A few weeks ago, a very interesting and in some places, tense discussion arose from John Erickson’s post, “Hands Off,” some of which related to the difference between what it means to be a liberal feminist and what it means to identify as radical. Since then, I have been thinking a lot about what the identification “feminist” means to me, what it means to be an ally and how I am defining these categories. Rather, I mean to say, against what kind of a standard am I applying this definition.
I think I have asked myself these questions many times in my life, in different ways, but perhaps most significantly I asked myself “am I a feminist?” when I started graduate school. I was sitting in a classroom, set up like a circle, and all the women and two men in my… I think, “Gender and Education,” class were introducing themselves. “Hello, I am so and so, and I have been a feminist for X number of years and I do this, etc.” “Hello, I am so and so, and I am a feminist ally and I do such and such, etc.”—as I remember, some classmates identified more as allies. When it came time for me to introduce myself, I said, “Hello, my name is Sara, and I am not sure if I am a feminist or not. I thought I was, but I don’t know now.”
I remember that I desperately wanted to be a feminist. I had learned about feminism in my undergraduate years, loved it, felt freed by it and empowered; and immediately following graduation, got involved with a man who became very emotionally abusive. I thought I had all these ideals and then, I fell for a man who embodied everything I thought I’d freed myself from. Over the course of a year (thank god/dess only one), I felt like I lost everything. I lost my voice and couldn’t speak up about anything without an extreme physical reaction and sometimes, violent response. I wrote about this a little in a previous post, “In my defense against an abusive God…” Looking back, I recognize that I was able to leave this man and that I still started the Women’s Studies in Religion program at Claremont, despite chastisement and assurances that I’d lose my faith. I found a way to act upon what I believed despite bad circumstances; so I now affirm that I was acting in faith to my new feminist values and survived. However, what I felt at that point was that I’d failed as a feminist because I was unable to put into practice everything I’d learned. I didn’t think that I had a right to call myself a feminist because of my perceived failure.
I know that I, like many people struggle with a perfectionist impulse. For me, this impulse developed over a long relationship with conservative evangelical Christianity (a “need” to be the most Christ-like as possible while surrendering all limited parts of me to a perfect He-God who would make sure everything else was as it should be too) and specific social and cultural ideas of what makes someone worthwhile, successful or loveable. Recently I read a very powerful book related to this topic by Brene’ Brown, Ph.D., called I thought it was just me (but it isn’t): Telling the truth about Perfectionism, Inadequacy and Power. In her book, Brown discusses the connection between the unrealistic expectations of perfectionism, shame and the way that shame disempowers us. She also discusses several strategies we can do to achieve “shame resilience,” including naming shame and its perfectionist lies where we see them.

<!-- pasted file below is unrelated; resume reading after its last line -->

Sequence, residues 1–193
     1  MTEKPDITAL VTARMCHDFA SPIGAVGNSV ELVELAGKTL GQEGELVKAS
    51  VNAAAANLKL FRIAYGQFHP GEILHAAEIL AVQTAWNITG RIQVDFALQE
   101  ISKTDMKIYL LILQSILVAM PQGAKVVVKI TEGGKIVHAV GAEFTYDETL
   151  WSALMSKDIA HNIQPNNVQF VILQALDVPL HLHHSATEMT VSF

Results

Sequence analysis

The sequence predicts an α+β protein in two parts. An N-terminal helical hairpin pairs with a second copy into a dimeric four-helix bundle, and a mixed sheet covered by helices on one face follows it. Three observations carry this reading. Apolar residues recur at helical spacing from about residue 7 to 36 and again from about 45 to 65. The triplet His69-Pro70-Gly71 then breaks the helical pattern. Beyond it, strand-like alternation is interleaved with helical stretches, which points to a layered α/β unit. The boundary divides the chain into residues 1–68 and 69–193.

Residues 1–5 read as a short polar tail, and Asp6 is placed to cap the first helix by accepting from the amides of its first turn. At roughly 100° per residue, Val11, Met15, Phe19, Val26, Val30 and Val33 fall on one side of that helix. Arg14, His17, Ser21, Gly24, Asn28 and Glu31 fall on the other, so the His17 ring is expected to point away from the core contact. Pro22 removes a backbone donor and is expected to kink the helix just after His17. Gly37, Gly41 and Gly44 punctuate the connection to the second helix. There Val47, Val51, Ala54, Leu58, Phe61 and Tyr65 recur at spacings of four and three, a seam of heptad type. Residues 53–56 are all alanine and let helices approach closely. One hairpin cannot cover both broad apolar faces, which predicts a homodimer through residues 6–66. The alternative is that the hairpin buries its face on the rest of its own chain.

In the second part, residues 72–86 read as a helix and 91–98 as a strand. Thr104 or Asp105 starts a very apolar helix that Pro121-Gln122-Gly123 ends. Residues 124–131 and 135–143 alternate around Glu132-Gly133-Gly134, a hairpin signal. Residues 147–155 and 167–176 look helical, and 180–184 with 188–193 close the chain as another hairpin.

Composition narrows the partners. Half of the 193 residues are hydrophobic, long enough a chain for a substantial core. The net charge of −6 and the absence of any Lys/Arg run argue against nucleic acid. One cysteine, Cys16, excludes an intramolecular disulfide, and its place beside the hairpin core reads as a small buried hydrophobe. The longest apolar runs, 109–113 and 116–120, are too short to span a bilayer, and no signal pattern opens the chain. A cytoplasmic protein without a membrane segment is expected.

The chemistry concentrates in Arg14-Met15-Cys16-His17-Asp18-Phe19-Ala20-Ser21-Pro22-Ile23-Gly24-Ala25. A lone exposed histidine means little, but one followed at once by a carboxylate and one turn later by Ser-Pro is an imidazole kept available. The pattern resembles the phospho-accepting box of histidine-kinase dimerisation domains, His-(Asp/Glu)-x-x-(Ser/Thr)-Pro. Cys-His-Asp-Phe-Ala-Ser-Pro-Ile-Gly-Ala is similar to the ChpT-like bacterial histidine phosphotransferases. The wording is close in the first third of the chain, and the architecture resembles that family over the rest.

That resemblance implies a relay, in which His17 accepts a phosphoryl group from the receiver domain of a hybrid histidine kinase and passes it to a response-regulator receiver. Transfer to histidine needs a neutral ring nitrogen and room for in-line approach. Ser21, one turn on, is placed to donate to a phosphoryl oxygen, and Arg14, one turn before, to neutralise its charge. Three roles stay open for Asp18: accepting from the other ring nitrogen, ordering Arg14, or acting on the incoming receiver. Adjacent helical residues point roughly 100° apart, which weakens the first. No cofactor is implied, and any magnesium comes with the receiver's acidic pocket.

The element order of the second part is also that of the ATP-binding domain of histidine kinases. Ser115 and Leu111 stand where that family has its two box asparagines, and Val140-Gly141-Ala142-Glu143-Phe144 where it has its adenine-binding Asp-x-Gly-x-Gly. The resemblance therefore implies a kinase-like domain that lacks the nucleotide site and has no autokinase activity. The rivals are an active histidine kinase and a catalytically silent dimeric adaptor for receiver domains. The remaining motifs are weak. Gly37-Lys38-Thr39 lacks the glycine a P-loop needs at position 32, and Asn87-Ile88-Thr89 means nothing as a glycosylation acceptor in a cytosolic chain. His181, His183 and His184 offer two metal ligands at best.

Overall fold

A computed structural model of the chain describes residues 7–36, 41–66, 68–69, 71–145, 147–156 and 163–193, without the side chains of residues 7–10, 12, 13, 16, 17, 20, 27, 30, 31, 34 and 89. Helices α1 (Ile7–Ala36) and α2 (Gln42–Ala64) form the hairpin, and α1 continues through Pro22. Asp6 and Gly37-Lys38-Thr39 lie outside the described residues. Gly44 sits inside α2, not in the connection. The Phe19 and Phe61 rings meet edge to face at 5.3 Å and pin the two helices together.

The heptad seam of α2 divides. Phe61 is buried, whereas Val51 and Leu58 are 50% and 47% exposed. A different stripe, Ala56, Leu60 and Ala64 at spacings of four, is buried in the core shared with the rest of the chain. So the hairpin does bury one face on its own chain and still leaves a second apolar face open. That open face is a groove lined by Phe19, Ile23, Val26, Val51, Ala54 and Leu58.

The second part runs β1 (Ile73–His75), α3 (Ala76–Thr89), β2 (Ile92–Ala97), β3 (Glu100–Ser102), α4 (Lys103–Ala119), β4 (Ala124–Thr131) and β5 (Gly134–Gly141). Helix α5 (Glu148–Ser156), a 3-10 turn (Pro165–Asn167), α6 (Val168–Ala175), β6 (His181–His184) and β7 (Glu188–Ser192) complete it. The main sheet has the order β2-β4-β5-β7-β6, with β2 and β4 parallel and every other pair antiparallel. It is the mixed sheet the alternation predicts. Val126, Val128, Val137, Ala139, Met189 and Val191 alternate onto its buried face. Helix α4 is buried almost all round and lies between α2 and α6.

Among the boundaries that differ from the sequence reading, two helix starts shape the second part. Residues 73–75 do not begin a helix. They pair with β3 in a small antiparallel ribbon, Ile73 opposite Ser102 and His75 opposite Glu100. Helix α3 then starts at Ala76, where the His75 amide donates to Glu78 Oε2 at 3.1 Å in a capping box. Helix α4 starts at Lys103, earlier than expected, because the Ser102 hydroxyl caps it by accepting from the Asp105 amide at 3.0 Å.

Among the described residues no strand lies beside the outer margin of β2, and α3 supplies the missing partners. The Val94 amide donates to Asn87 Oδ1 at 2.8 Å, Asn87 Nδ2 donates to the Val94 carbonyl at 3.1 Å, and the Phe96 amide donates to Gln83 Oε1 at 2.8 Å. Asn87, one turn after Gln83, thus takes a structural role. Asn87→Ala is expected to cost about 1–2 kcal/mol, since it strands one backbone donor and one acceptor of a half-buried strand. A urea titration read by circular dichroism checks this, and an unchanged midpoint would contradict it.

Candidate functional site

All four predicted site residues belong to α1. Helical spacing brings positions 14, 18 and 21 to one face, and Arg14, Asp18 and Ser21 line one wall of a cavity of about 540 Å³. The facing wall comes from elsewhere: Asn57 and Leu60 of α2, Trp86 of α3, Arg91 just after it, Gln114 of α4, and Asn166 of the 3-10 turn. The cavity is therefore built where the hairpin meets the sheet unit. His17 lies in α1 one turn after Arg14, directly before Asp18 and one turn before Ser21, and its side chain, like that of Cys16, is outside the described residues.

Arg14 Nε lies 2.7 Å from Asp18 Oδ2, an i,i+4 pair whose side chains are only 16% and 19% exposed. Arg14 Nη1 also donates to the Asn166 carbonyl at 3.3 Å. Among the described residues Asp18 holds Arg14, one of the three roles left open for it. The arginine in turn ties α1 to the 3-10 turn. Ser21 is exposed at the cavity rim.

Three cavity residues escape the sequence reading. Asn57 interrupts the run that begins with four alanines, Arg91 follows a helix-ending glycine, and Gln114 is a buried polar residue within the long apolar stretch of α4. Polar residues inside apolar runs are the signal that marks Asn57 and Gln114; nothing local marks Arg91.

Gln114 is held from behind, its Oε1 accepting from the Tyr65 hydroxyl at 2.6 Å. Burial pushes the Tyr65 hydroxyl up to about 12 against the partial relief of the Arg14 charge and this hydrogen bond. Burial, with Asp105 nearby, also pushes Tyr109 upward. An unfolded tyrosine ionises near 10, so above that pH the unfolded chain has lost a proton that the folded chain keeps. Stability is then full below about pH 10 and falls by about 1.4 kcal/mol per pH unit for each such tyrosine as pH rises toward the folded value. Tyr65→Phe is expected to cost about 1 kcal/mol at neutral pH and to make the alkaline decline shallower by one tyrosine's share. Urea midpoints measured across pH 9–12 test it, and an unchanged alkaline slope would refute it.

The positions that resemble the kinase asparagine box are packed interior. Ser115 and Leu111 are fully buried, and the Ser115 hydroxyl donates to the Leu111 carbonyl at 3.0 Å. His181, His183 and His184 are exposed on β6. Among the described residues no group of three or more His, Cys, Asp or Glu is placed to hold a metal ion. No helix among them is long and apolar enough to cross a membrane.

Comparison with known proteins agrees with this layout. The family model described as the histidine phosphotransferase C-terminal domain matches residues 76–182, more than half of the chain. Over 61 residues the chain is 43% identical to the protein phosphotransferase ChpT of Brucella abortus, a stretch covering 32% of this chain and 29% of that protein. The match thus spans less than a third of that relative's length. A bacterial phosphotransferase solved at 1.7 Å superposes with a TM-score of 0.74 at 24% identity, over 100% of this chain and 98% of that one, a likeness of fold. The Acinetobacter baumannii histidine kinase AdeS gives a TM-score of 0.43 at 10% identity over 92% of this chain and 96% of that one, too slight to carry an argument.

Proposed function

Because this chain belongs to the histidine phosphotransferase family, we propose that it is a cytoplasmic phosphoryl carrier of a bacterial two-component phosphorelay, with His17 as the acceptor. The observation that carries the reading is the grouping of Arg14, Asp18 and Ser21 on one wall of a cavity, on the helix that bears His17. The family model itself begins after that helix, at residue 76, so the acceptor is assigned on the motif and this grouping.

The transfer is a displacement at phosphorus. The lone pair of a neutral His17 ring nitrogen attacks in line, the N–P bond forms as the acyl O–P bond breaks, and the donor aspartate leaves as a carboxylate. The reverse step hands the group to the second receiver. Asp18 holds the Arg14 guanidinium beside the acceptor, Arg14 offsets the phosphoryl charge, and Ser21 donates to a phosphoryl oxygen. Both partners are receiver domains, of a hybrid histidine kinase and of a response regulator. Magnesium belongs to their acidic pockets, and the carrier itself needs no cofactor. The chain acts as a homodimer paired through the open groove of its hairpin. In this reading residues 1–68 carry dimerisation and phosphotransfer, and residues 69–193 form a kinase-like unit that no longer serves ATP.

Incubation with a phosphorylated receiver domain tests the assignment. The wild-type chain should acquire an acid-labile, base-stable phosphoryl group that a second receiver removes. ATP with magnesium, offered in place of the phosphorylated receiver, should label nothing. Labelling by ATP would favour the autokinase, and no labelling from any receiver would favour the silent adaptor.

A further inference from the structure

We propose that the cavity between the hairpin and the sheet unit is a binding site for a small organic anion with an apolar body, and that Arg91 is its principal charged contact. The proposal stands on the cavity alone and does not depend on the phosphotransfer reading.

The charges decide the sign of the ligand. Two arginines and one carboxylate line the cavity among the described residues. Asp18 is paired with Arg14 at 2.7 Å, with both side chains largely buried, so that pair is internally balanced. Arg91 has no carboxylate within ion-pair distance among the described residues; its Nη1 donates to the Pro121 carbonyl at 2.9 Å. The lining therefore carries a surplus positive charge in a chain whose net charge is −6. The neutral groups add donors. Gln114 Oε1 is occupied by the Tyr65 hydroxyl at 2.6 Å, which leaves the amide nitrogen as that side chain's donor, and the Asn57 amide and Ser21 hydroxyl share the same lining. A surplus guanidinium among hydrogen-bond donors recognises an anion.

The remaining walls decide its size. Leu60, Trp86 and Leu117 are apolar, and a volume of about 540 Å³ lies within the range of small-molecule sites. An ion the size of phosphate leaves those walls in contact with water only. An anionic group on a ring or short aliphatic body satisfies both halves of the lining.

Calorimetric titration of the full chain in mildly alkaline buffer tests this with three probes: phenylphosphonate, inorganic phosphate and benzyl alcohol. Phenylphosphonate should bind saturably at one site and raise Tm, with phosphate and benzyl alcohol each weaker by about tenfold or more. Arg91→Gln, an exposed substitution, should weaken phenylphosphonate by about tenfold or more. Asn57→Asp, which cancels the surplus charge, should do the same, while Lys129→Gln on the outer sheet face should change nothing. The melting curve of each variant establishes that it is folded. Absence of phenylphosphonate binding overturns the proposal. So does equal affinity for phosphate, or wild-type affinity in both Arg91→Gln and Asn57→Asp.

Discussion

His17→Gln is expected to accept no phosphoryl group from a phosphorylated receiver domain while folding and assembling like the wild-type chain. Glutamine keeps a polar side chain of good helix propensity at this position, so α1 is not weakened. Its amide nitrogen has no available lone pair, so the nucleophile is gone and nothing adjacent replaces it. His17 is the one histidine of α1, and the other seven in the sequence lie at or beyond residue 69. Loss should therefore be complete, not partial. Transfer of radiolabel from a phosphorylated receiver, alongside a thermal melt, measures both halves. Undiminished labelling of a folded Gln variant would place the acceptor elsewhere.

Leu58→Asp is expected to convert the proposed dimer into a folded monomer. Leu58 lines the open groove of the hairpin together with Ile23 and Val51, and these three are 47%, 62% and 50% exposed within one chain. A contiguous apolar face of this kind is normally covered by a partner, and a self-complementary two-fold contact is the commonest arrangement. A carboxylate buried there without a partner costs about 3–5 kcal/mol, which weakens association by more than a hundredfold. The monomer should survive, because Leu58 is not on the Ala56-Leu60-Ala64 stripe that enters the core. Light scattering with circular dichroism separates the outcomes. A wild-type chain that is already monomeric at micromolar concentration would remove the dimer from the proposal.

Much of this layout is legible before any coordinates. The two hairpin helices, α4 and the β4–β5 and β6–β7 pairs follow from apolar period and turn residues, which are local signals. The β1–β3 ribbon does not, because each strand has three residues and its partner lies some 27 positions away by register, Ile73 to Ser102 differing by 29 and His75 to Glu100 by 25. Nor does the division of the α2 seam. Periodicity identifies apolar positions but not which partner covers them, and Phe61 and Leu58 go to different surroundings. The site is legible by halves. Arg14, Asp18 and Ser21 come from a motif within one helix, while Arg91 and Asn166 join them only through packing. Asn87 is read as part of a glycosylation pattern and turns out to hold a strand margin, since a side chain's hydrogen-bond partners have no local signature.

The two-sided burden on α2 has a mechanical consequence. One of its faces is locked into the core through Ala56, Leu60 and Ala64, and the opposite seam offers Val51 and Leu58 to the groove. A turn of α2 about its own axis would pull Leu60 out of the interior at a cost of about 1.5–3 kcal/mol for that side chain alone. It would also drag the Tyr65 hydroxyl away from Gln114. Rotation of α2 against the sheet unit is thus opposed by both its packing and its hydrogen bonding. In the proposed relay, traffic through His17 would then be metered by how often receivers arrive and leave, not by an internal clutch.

Brown defines shame complexly, but also simply suggests it is the idea that “I am bad,” as opposed to “I did something bad,” when defining shame in relationship to guilt (Pg. 13). Further, she notes, “I often refer to shame as the fear of disconnection.” (Pg. xxv) This second description really resonates with me. I was so ashamed of my “failure,” ashamed because of abuse, ashamed for so many reasons, that I was afraid that I was not a connect-able person. In my head, I was not just a “bad feminist” or a “not good enough feminist” but perhaps, not able to be a feminist at all.
I was wrong. I was and am a feminist struggling everyday to make relationally lively choices in light of all of who I am; and that is how I make feminism my own. What makes me a feminist is not that I have never or will never again fall into a patriarchal relational trap. I know that I have and may still. My shame over unconscious racism, unchecked heterosexual privilege and other past wrongs also does not make me a feminist. Making the right choice every time (which I usually think must mean the more difficult choice) does not make me a feminist. Rather, releasing shame and accepting my own humanity and inter-relatedness, assessing my actions and goals in light of my feminist and allied values and taking responsibility make me a feminist. Listening and responding in love has made me a feminist. Working towards justice-love and what Rosemary Radford Ruether shared as “willing the full humanity of all humankind” makes me a feminist. And recognizing that my personal validation is not necessary in order to understand, respect and respond to important problems and oppressions that are different from my own has helped me glimpse what feminism can teach us.
I had to learn a lot to find my voice, reclaim my connect-ability and take back my feminist and allied identity. I was also warned that having come from a place of abuse, I would always live with some inclination towards its recreation— it is a part of me that I have to love, teach and care for with patience. I am not a perfect feminist; but as a process-oriented theo/alogian, if I can release god/dess from the unrealistic expectation of perfection, I can release myself as well. Thank the god/dess. Sat Nam.